E: Fantastic! It's always important to think about the artists and work that has helped shape us. What are some recent trends you've seen in graphic design?
Noah: It was around five years ago, or a little earlier, when many large brands started shifting towards the modern, geometric sans serif look —think Google, Intel, Uber, Lenovo, Taco Bell, Re/Max, etc. I don't see that style going anywhere, but the market is becoming more saturated with logos and brand identities in that visual style.
E: It's always a constant struggle in this industry to find ways to differentiate yourself, and now more than ever, we live in a very visual world. What brand work excites you right now?
Noah: I'm excited about the recent trend of embracing styles and motifs from past decades. A lot of modern brands are drawing inspiration from designs from the 70s — warm colors, curvy serif type, and unique, hand-drawn illustrations: Brands like Mailchimp, Burger King, Reebok, and Chobani. Design and fashion have always been interlinked — as the fashion industry embraces styles from the 70s and 90s, it directly impacts the design world. On a more technical note, I've also seen a rise in proprietary typefaces explicitly created for brands. Many brands are now incorporating custom font creation into their design systems. Airbnb, Spotify, Visa, Tripadvisor, and Cadillac — these are all companies with bespoke fonts.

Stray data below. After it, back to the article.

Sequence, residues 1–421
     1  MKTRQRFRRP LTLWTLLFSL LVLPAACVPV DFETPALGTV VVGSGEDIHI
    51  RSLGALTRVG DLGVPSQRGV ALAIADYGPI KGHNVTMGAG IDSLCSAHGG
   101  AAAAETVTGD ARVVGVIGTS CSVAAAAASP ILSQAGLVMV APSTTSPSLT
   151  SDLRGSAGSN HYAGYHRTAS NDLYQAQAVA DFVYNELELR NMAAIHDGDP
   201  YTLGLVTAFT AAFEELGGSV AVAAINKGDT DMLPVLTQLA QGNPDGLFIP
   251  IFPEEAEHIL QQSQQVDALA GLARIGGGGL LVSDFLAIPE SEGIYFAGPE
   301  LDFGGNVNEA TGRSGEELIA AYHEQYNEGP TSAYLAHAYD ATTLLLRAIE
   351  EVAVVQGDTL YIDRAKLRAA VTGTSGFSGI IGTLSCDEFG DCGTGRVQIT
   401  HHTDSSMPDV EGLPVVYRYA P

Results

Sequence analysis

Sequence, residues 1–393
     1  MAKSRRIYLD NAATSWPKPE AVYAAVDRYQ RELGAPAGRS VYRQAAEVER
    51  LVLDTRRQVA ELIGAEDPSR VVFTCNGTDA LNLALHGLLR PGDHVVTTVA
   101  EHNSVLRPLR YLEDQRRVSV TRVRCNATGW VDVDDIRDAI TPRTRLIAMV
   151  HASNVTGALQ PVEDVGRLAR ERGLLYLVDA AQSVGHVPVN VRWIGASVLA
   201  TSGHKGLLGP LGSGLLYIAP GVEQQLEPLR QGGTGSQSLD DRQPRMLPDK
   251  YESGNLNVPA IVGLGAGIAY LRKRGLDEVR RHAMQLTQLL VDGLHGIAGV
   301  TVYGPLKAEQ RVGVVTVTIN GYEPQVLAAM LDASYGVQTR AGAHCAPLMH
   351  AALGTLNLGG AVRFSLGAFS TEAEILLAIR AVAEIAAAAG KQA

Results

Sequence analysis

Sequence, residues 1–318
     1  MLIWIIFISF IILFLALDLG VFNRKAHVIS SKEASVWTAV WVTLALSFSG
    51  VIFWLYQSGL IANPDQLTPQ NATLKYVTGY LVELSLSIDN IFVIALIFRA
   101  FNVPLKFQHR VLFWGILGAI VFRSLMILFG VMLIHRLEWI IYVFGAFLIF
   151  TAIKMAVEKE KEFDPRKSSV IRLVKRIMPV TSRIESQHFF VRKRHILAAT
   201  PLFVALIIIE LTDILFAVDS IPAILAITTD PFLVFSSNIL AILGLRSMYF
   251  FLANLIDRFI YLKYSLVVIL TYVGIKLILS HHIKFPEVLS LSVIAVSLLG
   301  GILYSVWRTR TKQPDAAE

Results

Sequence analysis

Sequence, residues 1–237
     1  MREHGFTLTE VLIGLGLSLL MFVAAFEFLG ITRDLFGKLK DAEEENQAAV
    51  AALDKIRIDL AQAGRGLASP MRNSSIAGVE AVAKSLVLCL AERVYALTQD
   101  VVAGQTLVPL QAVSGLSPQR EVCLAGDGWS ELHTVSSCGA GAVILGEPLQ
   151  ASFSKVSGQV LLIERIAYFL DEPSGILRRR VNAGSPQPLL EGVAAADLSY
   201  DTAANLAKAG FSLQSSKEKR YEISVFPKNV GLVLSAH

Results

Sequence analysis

E: What would the benefit of a custom-made font be? That seems like such an unnecessary and potentially expensive undertaking.
Noah: Well, for starters, it's cool. It's the ultimate designer flex — aside from having your logo on the side of an airplane, of course. And actually, it cuts costs. Global brands pay thousands of dollars in licensing when they use typefaces across prominent print mediums and highly-trafficked websites. Custom, proprietary fonts may have a steep up-front cost, but in the long-term, you see huge savings.
E: I had no idea — I love that. So, it seems so obvious to ask a designer to talk about their favorite designers, but what about inspiration from unusual or unexpected sources? Do you have any out-of-the-box places that spark your creativity?
Noah: I love the grocery store. Yes, I love food, but what gets me excited is all of the packagings. So many brands, labels, and typefaces all in one place — it's overwhelming (in a good way). I love looking at the rows of different designs in the beer section — in many ways a beer can serves as a modern-day canvas for artists and designers if you think about it. A beer can, or any can for that matter, presents an opportunity to create something unique, memorable, and eye-catching. If you live near DC, you'll know about Aslin, a local brewery that started in Virginia. I love their label designs — simple yet bold graphic patterns make their product instantly recognizable.
E: Yeah, it all ties in to making a brand unique and stand out among a crowd. I love food also — perhaps too much. What an interesting point of view — grocery shopping may never be the same for me.